UN ruling on climate migration sets precedent – Amnesty
24 January, 2020, 10:03 am
A United Nations ruling should push governments to address the issue of climate migration, says a human rights researcher.
The UN Human Rights Committee has said people should not be forced to return to countries where their lives might be immediately threatened by climate change.
The non-binding ruling comes after an i-Kiribati man brought a case against the New Zealand government for denying his claim as a ‘climate refugee’ and deporting him in 2015.
The UN’s decision said his life wasn’t in immediate danger, but it also said sending asylum seekers home when their lives were threatened by the climate crisis might expose people to a violation of their right to life.
Amnesty International’s Kate Schuetze said those factors included sea level rises, access to water sanitation, and other environmental factors.
“There needs to be very real, tangible, immediate and direct impact on that person’s life. So they said that the impact of climate change getting worse in ten to 15 years isn’t enough to grant someone the ability to stay now or decide not to send them back now.”
She said the UN decision set a precedent and could lead to a special category of visa.
“In Fiji, they are starting to consider similar legislation on the basis that people might need to relocate from their homes as well. We’re starting to see those policy discussions take place but nothing yet tangible in terms of plans for migration of people across countries,” she said.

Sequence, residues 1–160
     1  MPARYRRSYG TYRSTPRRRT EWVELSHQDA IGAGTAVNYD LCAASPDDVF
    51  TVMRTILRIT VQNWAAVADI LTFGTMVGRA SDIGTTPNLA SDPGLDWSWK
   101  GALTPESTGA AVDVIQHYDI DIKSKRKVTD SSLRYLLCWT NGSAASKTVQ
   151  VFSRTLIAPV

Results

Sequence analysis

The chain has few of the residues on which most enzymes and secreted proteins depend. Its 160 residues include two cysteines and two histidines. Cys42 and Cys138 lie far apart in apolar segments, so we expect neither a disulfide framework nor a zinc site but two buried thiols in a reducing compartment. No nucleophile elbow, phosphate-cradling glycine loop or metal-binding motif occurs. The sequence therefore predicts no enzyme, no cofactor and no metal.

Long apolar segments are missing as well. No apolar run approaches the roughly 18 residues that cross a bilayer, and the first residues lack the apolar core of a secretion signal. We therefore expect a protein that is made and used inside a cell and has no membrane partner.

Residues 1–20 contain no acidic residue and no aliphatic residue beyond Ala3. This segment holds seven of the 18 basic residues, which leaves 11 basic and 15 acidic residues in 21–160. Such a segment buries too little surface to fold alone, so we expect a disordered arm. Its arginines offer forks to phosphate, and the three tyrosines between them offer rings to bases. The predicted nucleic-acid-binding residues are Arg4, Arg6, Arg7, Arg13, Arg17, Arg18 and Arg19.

However, Ms Schuetze said the decision did not mean multitudes of Pacific people would attempt to emigrate elsewhere.
“The vast majority of Pacific people have a strong connection to their culture and to their land and what they want is their national government to work with the international community to mitigate and adapt to the effects of climate change, not to flee from it.
“This is their livelihood, this is their dignity, and this is their culture.”
The UN ruling focused on the issues faced by Pacific countries like Tuvalu and Kiribati.
“They’re the ones that are going to feel the front-line of the climate crisis in essence and because of the limited land mass and the effects of inundating waters, these are the ones that people cannot move somewhere else in their own country to escape.”